During a vivid “virtual” presentation delivered by the well-known arbitrator, professor and practitioner, Gary Born, the topic of virtual hearings was addressed. Another well-known international arbitrator, Elena Gutierrez García and the President of the AMCHAM-Peru Arbitration Center, José Daniel Amado, moderated the discussion. At the outset, Mr. Born clarified that virtual hearings are not a…

Last week BCLP released the results of its annual International Arbitration survey on the topic of appeals against a tribunal’s decision on the merits. Respondents to the survey comprised arbitrators, corporate counsel, external lawyers, litigation funders, academics and those working at arbitral institutions. Procedures for court challenge of an award on the basis of procedural…

In the recent ruling of 29 April 2020, the England and Wales Court of Appeal, departing from Sulamérica, has held the seat of arbitration as an implied choice of the law of the arbitration agreement in cases where parties expressly chose the law applicable to the main contract and the seat of arbitration under a…

On 28 January 2020, the arbitration panel has been formed in the dispute between the EU and Ukraine regarding Ukraine’s export prohibition of unprocessed timber. Notably, this is the first dispute between the EU and Ukraine under the Association Agreement (“EU-Ukraine AA”), and here, the EU invokes the dispute settlement mechanism provided by the free-trade…

Although some might have considered 2019 a bit “lackluster”, a number of noteworthy decisions by the Paris Court of Appeal and French Supreme Court have come to refine on the now well-established French case law on international arbitration. Beyond the issue of claims brought by dual nationals discussed elsewhere on this blog, French courts have…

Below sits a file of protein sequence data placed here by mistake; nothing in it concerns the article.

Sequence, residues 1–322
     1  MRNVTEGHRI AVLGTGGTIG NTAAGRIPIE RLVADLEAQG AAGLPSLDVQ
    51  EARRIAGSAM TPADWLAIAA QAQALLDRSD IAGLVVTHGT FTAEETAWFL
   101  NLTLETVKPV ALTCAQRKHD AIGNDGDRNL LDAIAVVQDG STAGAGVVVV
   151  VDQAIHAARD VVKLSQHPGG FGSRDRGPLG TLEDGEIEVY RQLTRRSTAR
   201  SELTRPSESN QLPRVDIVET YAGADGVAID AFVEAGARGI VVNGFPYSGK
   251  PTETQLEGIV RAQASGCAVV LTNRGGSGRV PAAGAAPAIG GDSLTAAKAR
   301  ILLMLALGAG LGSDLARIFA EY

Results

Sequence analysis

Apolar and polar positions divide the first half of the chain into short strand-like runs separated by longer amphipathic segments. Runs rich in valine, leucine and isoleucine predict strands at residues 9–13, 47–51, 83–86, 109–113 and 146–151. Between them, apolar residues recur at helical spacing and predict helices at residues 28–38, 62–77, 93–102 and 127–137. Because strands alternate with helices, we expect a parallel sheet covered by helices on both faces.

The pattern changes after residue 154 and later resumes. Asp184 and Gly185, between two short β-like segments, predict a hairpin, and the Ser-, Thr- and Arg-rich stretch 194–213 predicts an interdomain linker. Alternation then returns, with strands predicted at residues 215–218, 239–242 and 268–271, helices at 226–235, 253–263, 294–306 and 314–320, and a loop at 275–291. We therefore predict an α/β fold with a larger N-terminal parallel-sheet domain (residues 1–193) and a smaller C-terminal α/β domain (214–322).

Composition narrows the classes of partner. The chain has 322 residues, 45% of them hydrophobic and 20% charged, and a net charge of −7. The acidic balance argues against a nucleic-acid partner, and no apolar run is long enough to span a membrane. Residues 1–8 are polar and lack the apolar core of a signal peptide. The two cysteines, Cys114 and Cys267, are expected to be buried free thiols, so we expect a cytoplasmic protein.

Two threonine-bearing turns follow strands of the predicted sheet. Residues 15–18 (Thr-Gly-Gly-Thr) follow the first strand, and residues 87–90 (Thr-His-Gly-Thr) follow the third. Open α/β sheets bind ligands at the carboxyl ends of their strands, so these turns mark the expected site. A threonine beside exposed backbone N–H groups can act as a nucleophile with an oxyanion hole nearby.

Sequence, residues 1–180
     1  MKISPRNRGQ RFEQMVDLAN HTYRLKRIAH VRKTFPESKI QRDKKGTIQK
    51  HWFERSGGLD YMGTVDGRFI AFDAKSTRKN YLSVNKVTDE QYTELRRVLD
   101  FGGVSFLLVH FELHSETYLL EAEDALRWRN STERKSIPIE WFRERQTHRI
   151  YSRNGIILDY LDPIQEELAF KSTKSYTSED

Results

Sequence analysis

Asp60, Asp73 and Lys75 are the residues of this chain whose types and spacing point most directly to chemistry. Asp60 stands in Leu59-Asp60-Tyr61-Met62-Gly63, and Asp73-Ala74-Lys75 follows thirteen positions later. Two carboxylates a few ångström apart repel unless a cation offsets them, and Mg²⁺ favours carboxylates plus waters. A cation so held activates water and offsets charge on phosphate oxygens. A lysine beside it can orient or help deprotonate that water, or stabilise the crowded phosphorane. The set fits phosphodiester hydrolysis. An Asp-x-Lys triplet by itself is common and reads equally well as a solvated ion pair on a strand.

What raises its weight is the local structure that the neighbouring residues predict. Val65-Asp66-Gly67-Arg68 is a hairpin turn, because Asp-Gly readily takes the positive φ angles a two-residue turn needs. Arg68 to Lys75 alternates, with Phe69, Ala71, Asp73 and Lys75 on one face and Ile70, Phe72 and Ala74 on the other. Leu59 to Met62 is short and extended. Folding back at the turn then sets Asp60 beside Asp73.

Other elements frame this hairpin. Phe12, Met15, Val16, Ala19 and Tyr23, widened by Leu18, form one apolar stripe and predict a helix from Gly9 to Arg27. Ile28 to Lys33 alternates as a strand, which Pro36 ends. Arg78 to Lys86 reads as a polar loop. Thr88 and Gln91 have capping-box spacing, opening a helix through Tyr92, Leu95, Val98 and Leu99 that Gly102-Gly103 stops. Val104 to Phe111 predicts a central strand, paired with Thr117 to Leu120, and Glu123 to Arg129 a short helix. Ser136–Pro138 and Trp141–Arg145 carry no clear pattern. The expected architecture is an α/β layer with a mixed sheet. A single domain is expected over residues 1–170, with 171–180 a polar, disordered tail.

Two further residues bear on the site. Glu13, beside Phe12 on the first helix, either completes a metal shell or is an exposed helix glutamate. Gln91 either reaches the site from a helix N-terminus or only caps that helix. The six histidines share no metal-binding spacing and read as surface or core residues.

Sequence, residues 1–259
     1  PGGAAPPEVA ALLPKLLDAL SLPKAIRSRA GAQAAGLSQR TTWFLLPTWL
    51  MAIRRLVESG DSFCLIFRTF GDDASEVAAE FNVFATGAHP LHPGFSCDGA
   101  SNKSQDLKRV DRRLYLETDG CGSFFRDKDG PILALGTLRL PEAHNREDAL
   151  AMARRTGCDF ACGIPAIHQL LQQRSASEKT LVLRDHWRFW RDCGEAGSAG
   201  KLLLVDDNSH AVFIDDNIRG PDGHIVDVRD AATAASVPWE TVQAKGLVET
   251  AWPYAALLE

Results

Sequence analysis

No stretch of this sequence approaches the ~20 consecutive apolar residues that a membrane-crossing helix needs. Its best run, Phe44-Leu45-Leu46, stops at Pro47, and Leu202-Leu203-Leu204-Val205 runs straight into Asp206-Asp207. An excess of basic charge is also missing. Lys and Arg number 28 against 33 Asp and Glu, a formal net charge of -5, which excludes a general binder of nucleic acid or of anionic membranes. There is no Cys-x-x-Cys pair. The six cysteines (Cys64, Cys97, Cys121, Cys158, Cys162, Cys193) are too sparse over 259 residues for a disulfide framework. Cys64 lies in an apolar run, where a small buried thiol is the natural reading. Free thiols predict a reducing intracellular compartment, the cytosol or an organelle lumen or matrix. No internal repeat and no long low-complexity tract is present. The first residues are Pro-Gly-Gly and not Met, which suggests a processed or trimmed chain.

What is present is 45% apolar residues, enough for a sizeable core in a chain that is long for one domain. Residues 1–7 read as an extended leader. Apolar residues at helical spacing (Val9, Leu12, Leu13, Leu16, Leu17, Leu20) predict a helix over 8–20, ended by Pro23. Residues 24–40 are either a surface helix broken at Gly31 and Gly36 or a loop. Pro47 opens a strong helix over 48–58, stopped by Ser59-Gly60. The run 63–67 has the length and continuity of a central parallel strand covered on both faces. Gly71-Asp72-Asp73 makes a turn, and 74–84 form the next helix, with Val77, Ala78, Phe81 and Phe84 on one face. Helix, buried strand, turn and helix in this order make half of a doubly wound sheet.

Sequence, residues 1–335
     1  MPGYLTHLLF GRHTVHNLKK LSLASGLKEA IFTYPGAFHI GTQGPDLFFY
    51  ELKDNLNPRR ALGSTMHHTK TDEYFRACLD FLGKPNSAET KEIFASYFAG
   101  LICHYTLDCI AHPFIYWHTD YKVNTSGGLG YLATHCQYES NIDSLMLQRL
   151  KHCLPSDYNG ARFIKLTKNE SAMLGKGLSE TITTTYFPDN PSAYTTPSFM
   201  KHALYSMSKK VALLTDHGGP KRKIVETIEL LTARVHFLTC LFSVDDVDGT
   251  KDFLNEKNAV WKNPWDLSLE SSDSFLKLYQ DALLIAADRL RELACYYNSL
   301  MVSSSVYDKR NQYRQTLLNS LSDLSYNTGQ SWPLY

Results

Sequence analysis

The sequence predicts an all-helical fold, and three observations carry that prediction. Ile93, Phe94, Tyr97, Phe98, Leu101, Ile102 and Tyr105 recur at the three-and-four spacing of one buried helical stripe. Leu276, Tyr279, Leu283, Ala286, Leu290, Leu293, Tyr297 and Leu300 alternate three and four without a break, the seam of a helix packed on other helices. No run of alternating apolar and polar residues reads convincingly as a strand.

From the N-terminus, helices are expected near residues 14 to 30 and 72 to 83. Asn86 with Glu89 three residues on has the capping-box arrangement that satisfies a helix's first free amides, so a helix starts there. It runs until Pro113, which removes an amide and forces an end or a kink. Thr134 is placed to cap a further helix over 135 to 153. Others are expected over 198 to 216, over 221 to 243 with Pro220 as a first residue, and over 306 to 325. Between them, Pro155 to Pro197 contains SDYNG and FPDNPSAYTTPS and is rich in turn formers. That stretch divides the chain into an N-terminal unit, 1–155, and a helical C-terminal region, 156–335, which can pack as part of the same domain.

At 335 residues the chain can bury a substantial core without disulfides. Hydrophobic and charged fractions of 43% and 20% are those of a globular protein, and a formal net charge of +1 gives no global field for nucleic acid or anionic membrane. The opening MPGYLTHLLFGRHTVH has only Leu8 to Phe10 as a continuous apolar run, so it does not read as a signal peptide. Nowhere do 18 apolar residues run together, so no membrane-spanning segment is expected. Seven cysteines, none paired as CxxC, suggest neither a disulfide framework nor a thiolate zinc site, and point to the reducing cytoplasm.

On September 4, 2019, Esso, a subsidiary of the Exxon Mobil Corporation, and Shell Nigeria, a subsidiary of the Shell Oil Company (collectively “Esso”), attempted to enforce a $1.799 billion arbitral award in the U.S. District Court for the Southern District of New York after it had been annulled in the courts of Nigeria (Esso Opinion)….

Readers of the Kluwer Arbitration Blog will be very familiar with the drama surrounding the European Union’s (EU) pushback against intra-EU investor-state dispute settlement (ISDS) as contained in intra-EU bilateral investment treaties (BITs) and in particular the “clap of thunder” Achmea (C-284/16) judgment (on this blog see, e.g. here). According to the Court of Justice…

Gender and ethnic inequalities in the workplace have been the norm for decades with no effective measures been taken to address them, despite mounting evidence of discrimination and disadvantage faced by women and ethnic minorities across the world. Globally, most corporations, law-firms, government agencies, public offices recognize the need for diversity to enhance decision-making and…

In the last few years, the international arbitration community has started to engage in discussions on the digital transformation of dispute resolution and on artificial intelligence (also on this blog). Scholars and arbitration practitioners have been speculating on how artificial intelligence might be used in arbitral proceedings and the potential impact it might have on…

In 2019, the Swiss Supreme Court (“Supreme Court”) seized two opportunities to confirm and develop its existing case law in relation to the personal scope of arbitration agreements and their possible extension to non-signatories.   Extension to Non-Signatories under the New York Convention In a first decision, ATF 145 III 199, dated 17 April 2019,…

On November 22, 2019, the acting government of Spain passed a long-anticipated legislation in response to more than four dozen of international arbitrations that, since late 2013, have been filed continuously against the country. The Royal Decree-Law 17/2019 (‘RDL 17/2019’) is, therefore, an attempt to provide new incentives and more certainty to the renewable energy…

2019 has been a busy year for international arbitration in Sub-Saharan Africa. Indeed, the year has brought an interesting wave of precedents, new domestic statutes, modern international investment agreements, and arbitration events. This post highlights and summarises some of the African developments covered in the Blog in 2019, with many thanks to the authors who…